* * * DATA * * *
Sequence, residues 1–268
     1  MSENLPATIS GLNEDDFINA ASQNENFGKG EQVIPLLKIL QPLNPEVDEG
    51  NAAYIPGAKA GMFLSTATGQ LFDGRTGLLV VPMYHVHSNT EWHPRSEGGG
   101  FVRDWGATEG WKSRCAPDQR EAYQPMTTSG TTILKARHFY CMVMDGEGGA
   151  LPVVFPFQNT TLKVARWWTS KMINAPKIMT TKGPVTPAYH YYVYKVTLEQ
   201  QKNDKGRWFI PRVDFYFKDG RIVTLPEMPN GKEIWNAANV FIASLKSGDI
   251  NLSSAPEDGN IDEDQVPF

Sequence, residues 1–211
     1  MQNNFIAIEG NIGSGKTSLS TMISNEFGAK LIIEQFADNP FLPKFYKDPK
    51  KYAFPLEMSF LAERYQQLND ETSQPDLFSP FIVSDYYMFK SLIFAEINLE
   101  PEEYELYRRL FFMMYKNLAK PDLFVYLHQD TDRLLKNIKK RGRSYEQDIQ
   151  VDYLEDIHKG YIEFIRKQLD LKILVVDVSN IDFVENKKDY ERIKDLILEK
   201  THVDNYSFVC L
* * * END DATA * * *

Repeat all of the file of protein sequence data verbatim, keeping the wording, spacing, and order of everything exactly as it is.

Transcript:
Sequence, residues 1–268
     1  MSENLPATIS GLNEDDFINA ASQNENFGKG EQVIPLLKIL QPLNPEVDEG
    51  NAAYIPGAKA GMFLSTATGQ LFDGRTGLLV VPMYHVHSNT EWHPRSEGGG
   101  FVRDWGATEG WKSRCAPDQR EAYQPMTTSG TTILKARHFY CMVMDGEGGA
   151  LPVVFPFQNT TLKVARWWTS KMINAPKIMT TKGPVTPAYH YYVYKVTLEQ
   201  QKNDKGRWFI PRVDFYFKDG RIVTLPEMPN GKEIWNAANV FIASLKSGDI
   251  NLSSAPEDGN IDEDQVPF

Sequence, residues 1–211
     1  MQNNFIAIEG NIGSGKTSLS TMISNEFGAK LIIEQFADNP FLPKFYKDPK
    51  KYAFPLEMSF LAERYQQLND ETSQPDLFSP FIVSDYYMFK SLIFAEINLE
   101  PEEYELYRRL FFMMYKNLAK PDLFVYLHQD TDRLLKNIKK RGRSYEQDIQ
   151  VDYLEDIHKG YIEFIRKQLD LKILVVDVSN IDFVENKKDY ERIKDLILEK
   201  THVDNYSFVC L